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Adobe (ADBE) is an asset-light company with strong top-line growth. And while it's growing at a rapid clip with strong cash flow-generation, I contend that its shareholders are not likely to benefit from its present valuation and that its stock is best avoided.

Strong Underlying Momentum

Adobe's business model continues to benefit from strong tailwinds as the modern workforce strives to embark on its digital transformation.

Adobe's goal is focused on delivering an exceptional digital experience for its customers. Adobe believes this means much more than just having access to a database of emails to compile a personalized email. It's about having the right data, both behavioral and operational, to gather real-time insight to help businesses understand their customer and to be able to act intelligently on those insights.

Under Adobe's Bonnet

Adobe has two main segment segments: Digital Media (approximately 68% of total revenue) and Digital Experience (approximately 29% of total revenue).

Within Adobe's Digital Media segment are included household names applications such as PhotoShop and the Acrobat product family. This larger segment is growing at a strong pace and as of Q1 2019, its revenue was up 22% year-over-year.

Adobe's other main segment, Digital Experience, is a lot smaller but it's also growing substantially faster. As of Q1 2019, this segment was up an enviable 34% compared with the same period a year ago.

Now, it must be noted that this pace of revenue growth within its Digital Experience segment was not entirely organic. In fact, Adobe deployed roughly $6.3 billion into these two large acquisitions during 2018. Notably, Marketo, a marketing cloud platform company, was acquired for $4.7 billion, while Magento, a commerce platform, was acquired for $1.6 billion.

Shareholders Are Not Gaining Much Ground

Approximately 90% of Adobe's revenues are from recurring sources, which reinforces the overall strength of Adobe's business model. Further, this level of predictability allows Adobe to carry a net debt position of $1 billion and for its shareholders to remain totally untroubled by its balance sheet.

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The problem, though, is slightly more complicated than immediately meets the eye. In the trailing twelve months, Adobe deployed a whopping $2.25 billion into share repurchases -- roughly 60% of its total free cash flow. Yet, the total number of share outstanding is only down fractionally, at 1% year over year, which is astonishing.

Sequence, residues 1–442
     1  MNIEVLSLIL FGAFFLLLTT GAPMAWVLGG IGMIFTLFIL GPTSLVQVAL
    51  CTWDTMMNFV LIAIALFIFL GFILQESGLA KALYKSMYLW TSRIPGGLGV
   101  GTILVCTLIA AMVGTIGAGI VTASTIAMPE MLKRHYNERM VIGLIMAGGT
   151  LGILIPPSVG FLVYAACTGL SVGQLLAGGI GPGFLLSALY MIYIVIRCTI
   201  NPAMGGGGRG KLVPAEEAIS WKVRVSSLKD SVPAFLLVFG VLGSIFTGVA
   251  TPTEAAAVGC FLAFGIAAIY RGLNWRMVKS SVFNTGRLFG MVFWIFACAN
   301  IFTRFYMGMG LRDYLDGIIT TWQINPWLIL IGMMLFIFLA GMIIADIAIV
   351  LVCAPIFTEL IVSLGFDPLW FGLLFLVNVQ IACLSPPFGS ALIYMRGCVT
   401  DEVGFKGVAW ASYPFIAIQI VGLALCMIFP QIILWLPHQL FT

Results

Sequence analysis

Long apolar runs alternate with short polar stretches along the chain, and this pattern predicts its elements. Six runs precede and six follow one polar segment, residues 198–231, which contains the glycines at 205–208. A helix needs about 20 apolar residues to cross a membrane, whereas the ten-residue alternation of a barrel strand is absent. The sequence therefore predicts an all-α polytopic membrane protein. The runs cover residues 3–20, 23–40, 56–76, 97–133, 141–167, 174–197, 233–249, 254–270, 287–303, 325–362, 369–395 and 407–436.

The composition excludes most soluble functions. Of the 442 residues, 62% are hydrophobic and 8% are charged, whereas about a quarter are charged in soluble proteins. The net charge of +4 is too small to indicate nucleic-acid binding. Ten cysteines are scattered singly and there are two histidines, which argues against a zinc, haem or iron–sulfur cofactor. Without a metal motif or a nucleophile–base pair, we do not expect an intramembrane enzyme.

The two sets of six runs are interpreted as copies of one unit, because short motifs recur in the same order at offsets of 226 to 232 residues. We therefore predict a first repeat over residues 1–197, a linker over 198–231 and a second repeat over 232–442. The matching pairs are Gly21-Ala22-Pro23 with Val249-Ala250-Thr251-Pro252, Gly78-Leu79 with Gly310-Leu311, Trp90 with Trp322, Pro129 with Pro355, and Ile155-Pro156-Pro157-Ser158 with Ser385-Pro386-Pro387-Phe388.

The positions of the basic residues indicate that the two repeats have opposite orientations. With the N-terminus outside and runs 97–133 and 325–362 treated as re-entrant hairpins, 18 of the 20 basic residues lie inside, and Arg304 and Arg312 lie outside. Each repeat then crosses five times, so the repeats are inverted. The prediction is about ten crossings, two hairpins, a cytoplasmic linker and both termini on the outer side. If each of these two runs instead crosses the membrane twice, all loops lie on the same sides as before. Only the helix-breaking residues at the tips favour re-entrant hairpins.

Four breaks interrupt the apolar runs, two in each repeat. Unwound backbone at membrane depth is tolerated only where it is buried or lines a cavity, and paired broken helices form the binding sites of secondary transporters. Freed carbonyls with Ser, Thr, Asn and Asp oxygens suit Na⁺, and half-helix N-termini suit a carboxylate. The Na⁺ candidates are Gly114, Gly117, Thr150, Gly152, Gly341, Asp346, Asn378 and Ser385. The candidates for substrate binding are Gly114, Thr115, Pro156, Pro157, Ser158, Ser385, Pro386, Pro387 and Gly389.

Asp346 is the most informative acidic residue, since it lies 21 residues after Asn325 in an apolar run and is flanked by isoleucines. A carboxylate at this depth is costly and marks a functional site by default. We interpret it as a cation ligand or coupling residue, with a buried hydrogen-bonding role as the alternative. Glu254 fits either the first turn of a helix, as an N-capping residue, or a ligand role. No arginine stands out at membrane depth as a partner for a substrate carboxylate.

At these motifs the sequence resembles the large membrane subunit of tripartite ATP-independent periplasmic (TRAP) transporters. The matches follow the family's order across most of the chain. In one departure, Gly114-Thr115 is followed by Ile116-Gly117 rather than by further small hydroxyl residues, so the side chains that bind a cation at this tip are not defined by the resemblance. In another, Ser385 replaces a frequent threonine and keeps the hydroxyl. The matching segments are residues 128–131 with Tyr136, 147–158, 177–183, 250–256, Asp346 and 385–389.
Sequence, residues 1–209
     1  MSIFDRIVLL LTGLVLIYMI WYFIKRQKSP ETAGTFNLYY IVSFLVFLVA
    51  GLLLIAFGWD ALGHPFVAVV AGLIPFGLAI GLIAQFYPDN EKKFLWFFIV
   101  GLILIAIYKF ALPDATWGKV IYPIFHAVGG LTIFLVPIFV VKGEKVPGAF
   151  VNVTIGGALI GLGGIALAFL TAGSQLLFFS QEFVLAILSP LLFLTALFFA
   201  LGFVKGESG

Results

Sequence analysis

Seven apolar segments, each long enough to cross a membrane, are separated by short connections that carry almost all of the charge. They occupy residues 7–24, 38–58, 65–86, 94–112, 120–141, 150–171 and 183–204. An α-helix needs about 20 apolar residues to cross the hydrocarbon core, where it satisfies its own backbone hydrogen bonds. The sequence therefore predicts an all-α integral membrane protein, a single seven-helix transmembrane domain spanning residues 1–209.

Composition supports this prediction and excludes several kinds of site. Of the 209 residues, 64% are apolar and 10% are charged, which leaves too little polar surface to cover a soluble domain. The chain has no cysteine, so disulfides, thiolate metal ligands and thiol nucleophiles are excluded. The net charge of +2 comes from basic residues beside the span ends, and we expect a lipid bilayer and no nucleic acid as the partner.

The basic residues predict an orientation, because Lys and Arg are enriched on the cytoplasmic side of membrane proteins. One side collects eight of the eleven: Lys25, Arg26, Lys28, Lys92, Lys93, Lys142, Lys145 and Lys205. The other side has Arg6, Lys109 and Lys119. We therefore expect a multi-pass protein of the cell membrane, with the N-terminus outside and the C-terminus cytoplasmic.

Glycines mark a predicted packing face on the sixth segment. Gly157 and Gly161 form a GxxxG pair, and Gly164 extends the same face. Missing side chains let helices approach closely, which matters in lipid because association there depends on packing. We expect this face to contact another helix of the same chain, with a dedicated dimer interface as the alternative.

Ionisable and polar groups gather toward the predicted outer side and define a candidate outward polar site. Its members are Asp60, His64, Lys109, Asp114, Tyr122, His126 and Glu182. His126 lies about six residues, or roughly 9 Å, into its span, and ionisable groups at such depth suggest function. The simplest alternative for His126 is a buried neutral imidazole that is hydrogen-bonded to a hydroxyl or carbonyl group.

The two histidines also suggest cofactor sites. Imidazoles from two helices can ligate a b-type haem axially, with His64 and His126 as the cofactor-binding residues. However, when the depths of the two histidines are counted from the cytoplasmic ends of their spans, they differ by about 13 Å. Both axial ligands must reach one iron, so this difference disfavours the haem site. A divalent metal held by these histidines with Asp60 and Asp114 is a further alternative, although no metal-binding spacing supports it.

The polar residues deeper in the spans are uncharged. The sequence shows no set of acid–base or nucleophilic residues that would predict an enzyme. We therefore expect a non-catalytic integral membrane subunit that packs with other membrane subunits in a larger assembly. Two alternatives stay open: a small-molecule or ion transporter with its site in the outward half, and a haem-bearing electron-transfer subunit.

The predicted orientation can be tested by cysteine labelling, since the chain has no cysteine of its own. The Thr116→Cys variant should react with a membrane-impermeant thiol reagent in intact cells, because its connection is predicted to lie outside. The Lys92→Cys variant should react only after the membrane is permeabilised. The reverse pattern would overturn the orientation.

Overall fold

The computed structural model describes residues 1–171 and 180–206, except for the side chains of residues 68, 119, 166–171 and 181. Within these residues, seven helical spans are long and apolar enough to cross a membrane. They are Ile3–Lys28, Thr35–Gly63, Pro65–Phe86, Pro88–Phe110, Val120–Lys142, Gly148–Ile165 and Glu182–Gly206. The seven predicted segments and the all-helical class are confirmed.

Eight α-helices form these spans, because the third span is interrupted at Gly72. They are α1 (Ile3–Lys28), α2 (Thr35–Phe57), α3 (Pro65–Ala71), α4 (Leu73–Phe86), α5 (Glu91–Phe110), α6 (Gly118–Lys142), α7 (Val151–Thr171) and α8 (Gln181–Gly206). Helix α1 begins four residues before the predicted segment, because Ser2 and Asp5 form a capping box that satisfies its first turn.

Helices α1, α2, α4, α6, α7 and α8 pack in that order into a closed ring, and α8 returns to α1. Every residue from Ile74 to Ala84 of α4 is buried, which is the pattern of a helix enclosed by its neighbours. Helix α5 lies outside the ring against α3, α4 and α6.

The reason is that as the share price increases, management has looked to lock in gains by exercising their substantial stock options. In other words, Adobe's buybacks, despite looking large in number, are simply offsetting management's stock incentive schemes.

Investors Without Edge

Knowing that a company is doing well is not particularly beneficial if everyone else knows that also. Investors need to have further insight than others. Investors need to seek out investments which are not priced perfection.

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Adobe has been consistently growing with a compounded annual growth rate of 23% to 24%. Yet, despite this steady and predictable performance, all of the company's multiples are currently extended. For example, its P/Sales ratio is at 14.4x versus its historical P/Sales ratio of 8.9x and its P/Cash Flows ratio is similarly extended.

Furthermore, as the table above highlights, the whole sector is being viewed very positively by investors as a whole. It is difficult to invest alongside the herd and do better than average. For investors to beat the market they need to seek out investment opportunities that are not trading at elevated multiples relative to historical valuations.

The Bottom Line

Adobe continues to focus on delivering value to its large customer base by extending the platform's end-to-end capabilities. For Adobe, 2019 got off to a cracking start, as it was named a Leader in the Gartner Magic Quadrant for Digital Experience Platforms.

However, as discussed throughout this piece. Adobe's shareholders are not likely to be rewarded as its present valuation leaves investors with no real margin of safety.